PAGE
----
"It's not much but it's ours"

Thursday, May 15, 2008


I don’t speak Italian. I have never had to.

In most of my adult life, whenever the opportunity to travel to Italy has arisen, I have headed off to Spain instead.

I don’t regret that for a second, Spain being, well, Spain. But, now I am in Italy or Sicily to be more precise, it does mean I have to resort to the old British skill of pointing and repeating the same thing in English at increasing volume until Johnny Foreigner has the decency to understand me.

Fortunately, the people here are

a)Very patient and friendly
b)More bothered about enjoying themselves than worrying about my grasp of the language.

It is a very Italian take on having a good time and, again, noticeably different from Spain. Here, it seems as important to be seen having a good time and to be doing it with élan than just having a good time for its own sake.

I cannot be readily accused of doing anything with style but, thanks to some research and the help of Claudio, owner of my lovely B&B in Via Vucciria, I have managed to eat well. Very well, in fact.

Few people I have encountered on the trip seem to eat as much as the Sicilians and I have done my best to join in. During the day time, eating my way through the local pastries in the morning, mid morning snacks of Panelle, batter cakes made from chickpeas, large bowlfuls of the local Pasta “Con Sarde” and even the local variant on the Pizza, Sficione (still dreadful) for lunch.

After sleeping some of that off, I have taken it easy in the evening with simple plates of ham and local cheeses, including the staggeringly good sheep’s milk ricotta, which I smeared onto bread and helped down with glasses of the local wines made of Nero D’Avola, Grillo and Insolia grapes.

Best of all, however has been the Pani Ca Meusa, a sandwich made of spleen and lung meat simmered in bubbling lard, piled in a mound on top of a soft roll, sprinkled with salt and doused with lemon juice.

It is a winning combination and washed down with a cold beer has provided a mid morning pick-me-up for each of my three days here.

Given that The Pound and The Euro are seemingly hell bent on parity, Sicily is not a cheap option, but the quality is very high and, outside of the tourist districts, there is little attendant cynicism.

With the amount of food on offer, it is a great surprise that people here are not all the size of the late, great Luciano P. As for me, I have worked it off by mooching around what is a pleasingly rough old city, which shows all the hallmarks of its mixed past with Arabic, African and Italian cultures sitting side by side.

No one could ever call it a pretty town and some parts of it are as coarse as a Jim Davidson pantomime, but the people are welcoming and, even in the old bars and taverna near my guesthouse, where I have done battle with some dodgy old spirts, I have never been given anything but a warm, if incomprehensible, response.

As if to reinforce this view, Claudio and his Tunisian girlfriend invited me to join them for supper last night and prepared a simple arabic meal of charred peppers mixed with garlic and tomatoes alongside Brik, little pastry parcels of tuna, capers, eggs and cumin.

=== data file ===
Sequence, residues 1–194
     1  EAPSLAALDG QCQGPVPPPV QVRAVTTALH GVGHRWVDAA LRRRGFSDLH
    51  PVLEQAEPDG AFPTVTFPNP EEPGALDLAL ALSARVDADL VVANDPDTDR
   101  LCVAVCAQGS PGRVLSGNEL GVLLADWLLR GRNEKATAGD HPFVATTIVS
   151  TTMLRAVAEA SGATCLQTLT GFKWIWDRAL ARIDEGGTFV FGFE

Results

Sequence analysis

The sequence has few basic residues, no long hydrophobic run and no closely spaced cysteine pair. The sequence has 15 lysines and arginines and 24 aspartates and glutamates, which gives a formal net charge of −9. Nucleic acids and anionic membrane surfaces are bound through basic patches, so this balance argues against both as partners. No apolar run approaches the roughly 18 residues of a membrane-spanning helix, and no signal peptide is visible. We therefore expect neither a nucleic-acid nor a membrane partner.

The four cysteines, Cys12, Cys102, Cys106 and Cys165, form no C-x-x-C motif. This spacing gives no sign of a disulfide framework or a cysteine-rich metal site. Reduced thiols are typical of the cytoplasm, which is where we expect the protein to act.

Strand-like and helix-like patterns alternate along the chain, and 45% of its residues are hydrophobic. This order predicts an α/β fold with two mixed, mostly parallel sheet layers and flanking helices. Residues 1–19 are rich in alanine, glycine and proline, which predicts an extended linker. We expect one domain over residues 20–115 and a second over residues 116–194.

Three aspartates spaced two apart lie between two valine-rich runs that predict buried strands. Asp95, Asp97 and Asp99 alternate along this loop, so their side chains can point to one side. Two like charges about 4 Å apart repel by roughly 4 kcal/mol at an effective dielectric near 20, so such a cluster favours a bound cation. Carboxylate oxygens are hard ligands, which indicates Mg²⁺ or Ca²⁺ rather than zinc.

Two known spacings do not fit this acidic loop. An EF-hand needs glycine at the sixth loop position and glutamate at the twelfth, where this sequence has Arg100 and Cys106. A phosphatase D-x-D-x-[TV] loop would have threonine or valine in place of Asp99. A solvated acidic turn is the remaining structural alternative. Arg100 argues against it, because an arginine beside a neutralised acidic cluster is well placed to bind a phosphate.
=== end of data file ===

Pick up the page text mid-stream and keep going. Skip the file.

Given the avowed aim of my trip, a half Welsh, Half Bengali man sitting in a guesthouse in Palermo eating Tunisian food did not actually seem that strange.

I have only two more stops to go before the trip ends and I have to figure out what to do with the rest of my life. Now that will seem strange.

Palermo, however will definitely have played its part in the story and that sandwich may well find itself in the top ten of things I have eaten although, in the interest of accuracy, I may have to have another couple to make sure

Claudio is taking me on a little food tour this evening. That is obviously an offer............... Well you can fill in the rest yourselves

Next stop, Rome
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Anonymous Anonymous said...

Watch out for the traffic! Palermo is a wonderful city to explore and we ate incredibly well (and often) on our visit, but every attempt to cross the road (especially around that square near the Royal Palace) felt as if you were dicing with death.

Thursday, May 15, 2008 1:14:00 pm  
Anonymous Anonymous said...

Simon, Logan sang (on his own) a little song in the tub a couple of nights ago. About how he likes Simon and Simon likes him, and he LOVES Simon, and EVERYONE loves Simon.

Well, now.

We are having fine weather, 80 Fahrenheit or so, which is just about perfect for growing things.

Please do come in July for a wedding so atypical that it can only reflect Lori and David.

Lots of gardening going on here: 20 kinds of heirloom tomatoes and those lovely padrons. From Spain. We have four plants!

XOX from a warm, dark night in Soquel.

Friday, May 16, 2008 7:47:00 am  
Anonymous Anonymous said...

Simon - really pleased to have discovered your blog and enjoying eating 'vicariously'... Looking forward to the next instalment. Wish I had stumbled upon it sooner.

Will email you properly soon.

Friday, May 16, 2008 7:51:00 am  
Anonymous Anonymous said...

I agree with Logan: You gotta love Simon.

Good luck with the book...though you know a bit about publishing.

And this sentence should go on the bookjacket: Given the avowed aim of my trip, a half Welsh, Half Bengali man sitting in a guesthouse in Palermo eating Tunisian food did not actually seem that strange.

Tuesday, May 20, 2008 1:01:00 am  

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